Bio Note: I have been writing most of my life and began publishing in the late 1950s. In my checkered career I have corrupted youth at various colleges and universities with time out for a stint as Executive Director of a community arts council. At eighty five I am twice retired, live in a Saint Louis brick house a short distance from the Mississippi river and have survived various adventures with stroke and heart failure. My publication credits include The Sewanee Review, a recent spread in Litbreak Magazine and a featured poem in Better than Starbucks.
Winter Cyclone Haiku
—December 23, 2022 Four o’clock and it’s freezing cold outside today five degrees will be the overnight high with wind chill thirty below. So nice to be warm and dry inside here hope the city’s street people survive the deep freeze. A class among us— we call them the unhoused, not because we are kind but because our soft spot for the billionaire class is vaguely disturbed that some might resist offer of warmth on a night like this one coming.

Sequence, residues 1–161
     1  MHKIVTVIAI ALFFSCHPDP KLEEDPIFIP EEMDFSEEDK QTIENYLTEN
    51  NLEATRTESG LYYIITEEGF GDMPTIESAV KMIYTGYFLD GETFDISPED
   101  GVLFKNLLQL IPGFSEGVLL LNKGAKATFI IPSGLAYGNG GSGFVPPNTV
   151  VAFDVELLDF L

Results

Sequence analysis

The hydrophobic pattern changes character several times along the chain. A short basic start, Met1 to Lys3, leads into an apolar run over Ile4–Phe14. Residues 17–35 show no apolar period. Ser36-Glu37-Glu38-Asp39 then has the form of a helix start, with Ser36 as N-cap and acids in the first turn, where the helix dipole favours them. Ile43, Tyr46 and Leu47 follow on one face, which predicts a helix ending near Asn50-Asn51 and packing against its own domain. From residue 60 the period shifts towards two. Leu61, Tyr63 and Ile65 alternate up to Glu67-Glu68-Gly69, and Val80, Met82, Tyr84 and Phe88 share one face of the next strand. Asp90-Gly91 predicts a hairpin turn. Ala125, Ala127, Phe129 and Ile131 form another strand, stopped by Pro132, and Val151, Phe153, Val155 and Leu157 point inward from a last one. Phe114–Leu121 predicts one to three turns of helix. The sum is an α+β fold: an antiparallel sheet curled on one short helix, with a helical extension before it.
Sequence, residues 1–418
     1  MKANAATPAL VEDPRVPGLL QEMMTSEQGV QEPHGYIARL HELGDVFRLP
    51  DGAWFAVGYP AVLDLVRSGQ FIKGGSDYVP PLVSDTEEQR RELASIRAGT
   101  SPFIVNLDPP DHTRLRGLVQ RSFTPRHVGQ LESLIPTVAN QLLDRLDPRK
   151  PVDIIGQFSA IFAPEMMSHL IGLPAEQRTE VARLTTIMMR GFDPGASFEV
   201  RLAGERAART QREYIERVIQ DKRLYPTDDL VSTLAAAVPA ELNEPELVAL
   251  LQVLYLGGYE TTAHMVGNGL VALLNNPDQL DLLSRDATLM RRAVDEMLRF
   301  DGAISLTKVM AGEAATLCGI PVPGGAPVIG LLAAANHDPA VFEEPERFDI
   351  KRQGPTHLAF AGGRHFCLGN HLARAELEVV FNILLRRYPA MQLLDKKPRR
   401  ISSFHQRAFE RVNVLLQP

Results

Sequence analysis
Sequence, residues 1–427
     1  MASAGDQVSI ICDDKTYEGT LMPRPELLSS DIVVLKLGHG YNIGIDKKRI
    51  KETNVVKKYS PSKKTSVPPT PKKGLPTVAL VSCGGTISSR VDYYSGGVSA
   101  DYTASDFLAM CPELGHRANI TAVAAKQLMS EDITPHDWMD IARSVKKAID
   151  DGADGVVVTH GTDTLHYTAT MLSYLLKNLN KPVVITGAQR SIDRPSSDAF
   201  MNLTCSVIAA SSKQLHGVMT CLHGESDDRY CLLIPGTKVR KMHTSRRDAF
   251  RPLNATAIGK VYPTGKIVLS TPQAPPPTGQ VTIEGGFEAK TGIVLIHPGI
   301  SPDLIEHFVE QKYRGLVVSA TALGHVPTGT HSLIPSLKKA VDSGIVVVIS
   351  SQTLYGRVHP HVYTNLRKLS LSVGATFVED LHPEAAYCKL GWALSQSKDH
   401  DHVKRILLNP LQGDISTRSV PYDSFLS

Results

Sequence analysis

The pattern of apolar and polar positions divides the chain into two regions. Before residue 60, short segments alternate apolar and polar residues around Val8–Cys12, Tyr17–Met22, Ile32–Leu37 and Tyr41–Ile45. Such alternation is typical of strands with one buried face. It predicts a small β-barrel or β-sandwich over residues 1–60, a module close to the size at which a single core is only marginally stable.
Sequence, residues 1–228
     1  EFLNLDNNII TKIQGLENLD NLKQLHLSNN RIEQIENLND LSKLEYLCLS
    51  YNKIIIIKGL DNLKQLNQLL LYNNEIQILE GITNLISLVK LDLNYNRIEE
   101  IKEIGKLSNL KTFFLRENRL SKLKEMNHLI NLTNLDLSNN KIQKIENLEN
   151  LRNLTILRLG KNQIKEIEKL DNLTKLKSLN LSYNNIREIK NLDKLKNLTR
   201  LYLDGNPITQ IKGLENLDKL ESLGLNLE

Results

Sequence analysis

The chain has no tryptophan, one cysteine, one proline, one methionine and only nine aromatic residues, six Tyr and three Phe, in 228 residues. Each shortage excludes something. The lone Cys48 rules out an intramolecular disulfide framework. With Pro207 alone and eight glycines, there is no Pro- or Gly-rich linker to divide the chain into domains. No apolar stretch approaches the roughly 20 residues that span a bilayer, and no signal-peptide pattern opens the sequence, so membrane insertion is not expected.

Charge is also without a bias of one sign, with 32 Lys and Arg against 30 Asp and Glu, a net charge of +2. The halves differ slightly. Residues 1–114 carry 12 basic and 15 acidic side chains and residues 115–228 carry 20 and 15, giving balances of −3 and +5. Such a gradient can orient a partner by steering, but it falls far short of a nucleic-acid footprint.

His family jokingly suggested he might play his fiddle outside the Essex on the loop one evening returning from dinner in the pleasant haze of their love. He took them up on it, young eight-year-old, call him Johnny, Johnny Generic for a boy small enough to play his three-quarter size cello sitting outside next morning in the early chill, warming up his fingers with the prelude to Bach’s first unaccompanied suite for the instrument, in his hands seeming full-size, case open in front of him already filling with passersby’s pocket change he had declared he’d spend to buy video games; and if his periwigged master had been able to hear over the hoot of his celestial diapason, perhaps he would have smiled at yet one more Johnny to queue up and add to the ten survived— but hey, who’s counting?
©2023 Julian O. Long
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